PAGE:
When looking at the levels of funding given to states in Fiscal Year 2023, Appalachian states received a total of $216,627,075 to provide adult education services and activities not specifically for adults in need of remedial literacy and numeracy educational services, but for adults who lack a high school diploma or GED.


If we look at the estimated number of adults who read at or below an 8th-grade level, these federal funding levels would result in approximately $4.91 available to spend per adult in Appalachian states.


But issues are never that simple: Once states receive federal grant dollars, each state's respective Department of Education then determines who the subgrantees will be to provide those activities. This could include public or private non-profit organizations, contracted for-profit organizations, state educational institutions, or various other programs and entities that provide under-resourced services to a population that is hard to reach and may not be able to access their services.


And this is where issues get more complex: There is something of a cynical approach to adult education funding, in general, where local, state, and federal legislative and administrative officials know that the calculus of how and where those dollars will be spent is dependent upon a variety of factors, including (but not limited to):


Books on a curving library shelf
  1. The number and locations of adult education providers able to provide services;

  2. The reputations and efficacy of those adult education providers;

  3. The number of eligible adult learners who are interested in utilizing services;

  4. The ability of those learners to physically reach those services (e.g., who can get to classes where they are held);

  5. The estimated number of adult learners who will enroll in courses, and;

  6. The estimated attrition rate of adult learners once they are enrolled in courses (e.g., the number of students who will drop out of the courses once they're enrolled)


These considerations generally result in federal dollars being routed to providers located in urban areas, mainly because those providers tend to have higher numbers of enrollees. However, these funding calculations do not always result in services being providers in the places where they're most needed, nor do they account for the ability of providers to advertise their services or make them accessible to learners who live outside of their service area.


This generally results in rural areas that already suffer from lower levels of educational attainment and worse learning outcomes at the primary and secondary education levels being further impacted by a lack of resources available to address the needs of adults once they are no longer of school age.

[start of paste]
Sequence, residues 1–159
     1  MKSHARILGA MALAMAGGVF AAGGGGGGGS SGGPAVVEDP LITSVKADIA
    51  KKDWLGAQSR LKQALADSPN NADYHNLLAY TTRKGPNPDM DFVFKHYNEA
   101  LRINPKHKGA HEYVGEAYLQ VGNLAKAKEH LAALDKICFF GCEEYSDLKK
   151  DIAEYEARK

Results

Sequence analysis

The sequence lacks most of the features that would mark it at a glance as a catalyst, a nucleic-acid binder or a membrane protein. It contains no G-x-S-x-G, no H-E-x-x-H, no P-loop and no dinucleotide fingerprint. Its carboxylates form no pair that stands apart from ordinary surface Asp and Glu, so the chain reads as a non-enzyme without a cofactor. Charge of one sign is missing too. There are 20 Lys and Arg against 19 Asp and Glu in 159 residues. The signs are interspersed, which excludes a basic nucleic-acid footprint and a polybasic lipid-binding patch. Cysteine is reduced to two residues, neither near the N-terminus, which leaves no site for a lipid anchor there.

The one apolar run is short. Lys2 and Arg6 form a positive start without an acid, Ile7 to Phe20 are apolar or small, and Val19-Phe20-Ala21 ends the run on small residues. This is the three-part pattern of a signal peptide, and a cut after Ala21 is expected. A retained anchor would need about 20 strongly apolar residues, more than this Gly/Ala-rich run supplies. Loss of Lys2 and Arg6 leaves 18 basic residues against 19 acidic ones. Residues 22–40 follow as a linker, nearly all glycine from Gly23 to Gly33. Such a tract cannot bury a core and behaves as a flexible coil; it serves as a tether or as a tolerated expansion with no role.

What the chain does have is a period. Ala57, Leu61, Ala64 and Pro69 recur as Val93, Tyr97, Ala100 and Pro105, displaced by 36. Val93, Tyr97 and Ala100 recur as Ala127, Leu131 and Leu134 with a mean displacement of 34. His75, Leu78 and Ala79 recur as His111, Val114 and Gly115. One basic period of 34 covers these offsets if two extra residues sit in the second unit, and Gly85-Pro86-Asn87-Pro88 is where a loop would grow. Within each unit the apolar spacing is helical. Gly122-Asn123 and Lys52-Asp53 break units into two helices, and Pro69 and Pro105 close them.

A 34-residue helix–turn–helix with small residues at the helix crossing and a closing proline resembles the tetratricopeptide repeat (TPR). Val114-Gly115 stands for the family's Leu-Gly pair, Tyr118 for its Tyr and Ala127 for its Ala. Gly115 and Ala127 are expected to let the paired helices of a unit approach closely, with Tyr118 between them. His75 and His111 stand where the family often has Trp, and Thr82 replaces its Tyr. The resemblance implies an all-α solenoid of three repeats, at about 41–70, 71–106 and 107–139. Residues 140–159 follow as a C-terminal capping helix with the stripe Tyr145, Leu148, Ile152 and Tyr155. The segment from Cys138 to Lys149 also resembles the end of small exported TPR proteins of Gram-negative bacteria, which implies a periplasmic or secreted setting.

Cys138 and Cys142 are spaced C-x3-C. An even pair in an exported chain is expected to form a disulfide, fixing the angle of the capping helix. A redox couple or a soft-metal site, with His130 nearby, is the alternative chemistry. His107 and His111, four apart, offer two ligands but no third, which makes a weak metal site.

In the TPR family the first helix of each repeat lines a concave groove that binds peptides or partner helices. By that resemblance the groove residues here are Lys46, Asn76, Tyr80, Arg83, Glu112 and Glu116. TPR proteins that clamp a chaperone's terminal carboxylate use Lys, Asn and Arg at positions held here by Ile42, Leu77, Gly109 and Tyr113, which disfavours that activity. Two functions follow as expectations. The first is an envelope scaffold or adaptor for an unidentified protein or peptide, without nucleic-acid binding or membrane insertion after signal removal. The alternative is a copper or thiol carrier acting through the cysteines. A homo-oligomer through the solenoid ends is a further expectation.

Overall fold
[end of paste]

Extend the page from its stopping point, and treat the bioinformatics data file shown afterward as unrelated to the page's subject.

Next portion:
How are adults living in rural Appalachia, where public transportation is non-existent, cell phone service is limited, access to broadband Internet services is worse, and adult education providers may not exist, supposed to access and afford the educational services they need to improve their abilities to read and do basic math?


In addition to a lack of adequate federal funding and programming to meet the educational needs of adult learners, state funding is rarely sufficient to complement federal expenditures, if it even exists.


These funds only go to establish and maintain services; few funds exist to expand services. Once those services are available, adult learners often have to overcome additional hurdles to address educational deficiencies, including accessing services outside of working hours (if those options exist), arranging and affording child care or care for adult dependents, and finding and affording transportation to and from these courses.


None of these hurdles are new. They have existed in the United States since we mandated that school attendance be mandatory up to a certain age or attainment level. And yet, like most poverty-driven issues, we have failed as a country in addressing and solving problems with obvious solutions but little political will or empathy to put money behind those solutions.


Many Americans still view poverty and poor educational outcomes not as the result of circumstances and a lack of equitable access to resources but as moral failings that individuals and their families must overcome to be considered worthy of respect and membership in society.


These beliefs, which largely go unspoken by all but the most vindictive, reach into our legislative and administrative bodies, creating and reinforcing stigmatizing attitudes about those most in need and resulting in a lack of will to fund solutions adequately.


This is a fundamental problem that we need to address as a nation to truly make a dent in the educational crises facing not just Appalachians but Americans in general.